His eventual liberation to communication follows what I would call a truly heroic struggle to be heard despite powerful forces that on the surface seem benevolent, but which actually keep him stuck in isolation. The reader is with Anthony as he finally breaks free from them.

In Two Worlds examines the toll nonspeaking autism takes on family life and it looks at the popular autism treatments and theories that dominate his every moment. Ultimately, In Two Worlds tells the story of autism from the inside out.

Q: What are you working on now?

A: I am working on another book as well as collaborating with my mother to develop an online class to help other autistic people gain the skills needed to communicate and end their isolation. Many people have no access to a qualified instructor so online is the ideal venue for them. My goal is to keep educating and advocating, but to keep my challenges varied and fresh.

Q: Anything else we should know?

A: It is important to understand that many people believe nonspeaking autism is a language processing and cognitive disability, when for me, and for  thousands of others, it is actually primarily a motor disability. 

Severe autism itself is a huge challenge and very frustrating. It prevents people from moving and behaving as they like and means they must always have some kind of supervision in life.

But the misunderstanding of the disability just makes the situation exponentially worse. After all, if you had a disability that trapped you in dumb-looking motor patterns, you might be annoyed at the trap, but then trapped further by the professional response that believed that the motor patterns reflected lack of intelligence or thought. Try to imagine being paralyzed. You tell your body to move and it refuses.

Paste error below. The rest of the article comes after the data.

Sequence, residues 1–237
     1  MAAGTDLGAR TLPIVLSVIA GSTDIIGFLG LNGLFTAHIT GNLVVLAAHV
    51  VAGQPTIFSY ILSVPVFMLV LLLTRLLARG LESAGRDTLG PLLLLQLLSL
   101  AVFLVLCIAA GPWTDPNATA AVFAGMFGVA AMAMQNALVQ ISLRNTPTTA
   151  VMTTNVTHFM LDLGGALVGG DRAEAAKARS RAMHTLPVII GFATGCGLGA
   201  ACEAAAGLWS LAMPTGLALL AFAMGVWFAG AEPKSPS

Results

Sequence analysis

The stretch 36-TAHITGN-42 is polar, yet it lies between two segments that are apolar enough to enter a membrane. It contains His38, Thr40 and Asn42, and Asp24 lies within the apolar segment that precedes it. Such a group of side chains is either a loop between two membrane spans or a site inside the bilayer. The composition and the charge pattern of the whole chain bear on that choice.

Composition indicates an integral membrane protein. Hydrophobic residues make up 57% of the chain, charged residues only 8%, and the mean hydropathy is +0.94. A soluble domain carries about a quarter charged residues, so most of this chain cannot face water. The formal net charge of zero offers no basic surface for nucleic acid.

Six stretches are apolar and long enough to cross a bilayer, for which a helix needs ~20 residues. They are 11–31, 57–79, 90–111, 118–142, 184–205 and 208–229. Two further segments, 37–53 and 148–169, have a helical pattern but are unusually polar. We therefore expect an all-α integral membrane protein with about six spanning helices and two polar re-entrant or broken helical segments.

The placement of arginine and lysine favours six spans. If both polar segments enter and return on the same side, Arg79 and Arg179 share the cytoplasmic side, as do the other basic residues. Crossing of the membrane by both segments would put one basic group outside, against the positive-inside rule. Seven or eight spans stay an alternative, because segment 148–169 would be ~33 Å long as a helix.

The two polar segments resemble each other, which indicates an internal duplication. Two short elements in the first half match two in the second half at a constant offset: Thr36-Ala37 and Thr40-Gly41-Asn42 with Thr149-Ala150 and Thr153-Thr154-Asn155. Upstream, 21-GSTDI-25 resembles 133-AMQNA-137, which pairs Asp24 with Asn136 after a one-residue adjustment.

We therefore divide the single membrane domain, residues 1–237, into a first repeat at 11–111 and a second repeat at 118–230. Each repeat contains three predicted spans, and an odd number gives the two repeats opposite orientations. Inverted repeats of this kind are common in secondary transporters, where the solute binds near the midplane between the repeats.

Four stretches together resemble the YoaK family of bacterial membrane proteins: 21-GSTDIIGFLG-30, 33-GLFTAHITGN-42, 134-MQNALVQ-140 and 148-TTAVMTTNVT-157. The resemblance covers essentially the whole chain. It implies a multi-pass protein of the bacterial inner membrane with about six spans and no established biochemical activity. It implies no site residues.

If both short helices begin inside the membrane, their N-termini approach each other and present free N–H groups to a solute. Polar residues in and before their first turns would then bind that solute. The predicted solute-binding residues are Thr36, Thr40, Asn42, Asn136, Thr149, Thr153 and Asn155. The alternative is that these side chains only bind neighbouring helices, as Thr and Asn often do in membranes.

Your brain is ok. It’s the disconnect that causes the problem.

Now imagine that your body is moving but doesn’t obey your brain. That creates impulses, patterns, and erratic movements. That’s autism. Kind of a moving paralysis, not a lack of thinking or understanding. Simply put, not talking is not the same as not thinking.

In Two Worlds has been well reviewed by readers and is recommended by Kirkus Reviews and BookLife , where it was a quarterfinalist in fiction. You can find my books on Amazon, Kindle, Smashwords (eBook), and Ido in Autismland is also available on Nook. You can reach me through my blog,, or Facebook. 

--Interview with Deborah Kalb

No comments:

Post a Comment